Prostate Biopsy Pros And Cons

Submitted by Medical Health Test Team on October 16, 2012

A biopsy procedure is used to collect tissue samples from various sites in the body. A biopsy is usually ordered to check if an abnormal growth is cancerous or not. This abnormal growth is known as a tumor. For most organs, tumors are visible on imaging scans such as CT scans and MRI scans. This is because the typically affected organs are usually large and not obstructed by other organs around them. A prostate biopsy is the procedure performed on the prostate gland. This gland is very small, typically the size of a walnut. This makes a biopsy procedure on the gland a little more difficult. It also means that cancer cells within the gland may not show up on an imaging scan

For this reason, a prostate biopsy requires other methods of confirmation before it is conducted. A digital rectal test is a test where the doctor uses the rectum to access the prostate. This is an examination conducted with a gloved finger. The finger will press the organ and feel its texture. A prostate which contains tumor cells is likely to be harder than a prostate that is normal. Another test used to examine patients is the PSA test. The level of this antigen tends to be elevated when a person is suffering from prostate cancer. The elevation is not a 100% accurate diagnosis for cancer, but it is quite effective at identifying cancer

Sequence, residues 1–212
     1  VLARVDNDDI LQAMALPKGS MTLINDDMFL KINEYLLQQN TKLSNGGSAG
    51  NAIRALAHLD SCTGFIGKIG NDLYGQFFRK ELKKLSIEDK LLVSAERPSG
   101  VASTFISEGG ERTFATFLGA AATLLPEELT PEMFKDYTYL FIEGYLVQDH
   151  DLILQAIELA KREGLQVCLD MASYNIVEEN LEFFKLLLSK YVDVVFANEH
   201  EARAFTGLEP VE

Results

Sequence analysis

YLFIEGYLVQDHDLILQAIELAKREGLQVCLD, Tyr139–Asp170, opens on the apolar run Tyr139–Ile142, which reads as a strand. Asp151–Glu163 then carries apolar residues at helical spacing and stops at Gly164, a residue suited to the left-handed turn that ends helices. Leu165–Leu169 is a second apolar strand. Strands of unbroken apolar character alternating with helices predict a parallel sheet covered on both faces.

There are many prostate biopsy pros and cons. Among the pros, one can say that such a scan is useful in detecting cancer and must therefore be tried in order to avoid a cancer going undetected. Another pro in the favor of a prostate biopsy is the short duration and recovery period associated with it. This means that a patient can resume his normal activities after a biopsy. Among the cons associated with a prostate biopsy, the main problem one can identify is the risk of injury or bleeding from the gland. Many cases report infection or injury after the procedure which necessitates further treatment. The prostate biopsy procedure collects many samples in order to reduce the chances of missing a tumor. However, this does not rule out the possibility that the test will miss the cancer. Because of the small and scattered nature of prostate cancer tumors, it can be said that the test is not completely accurate at confirming or ruling out prostate cancer

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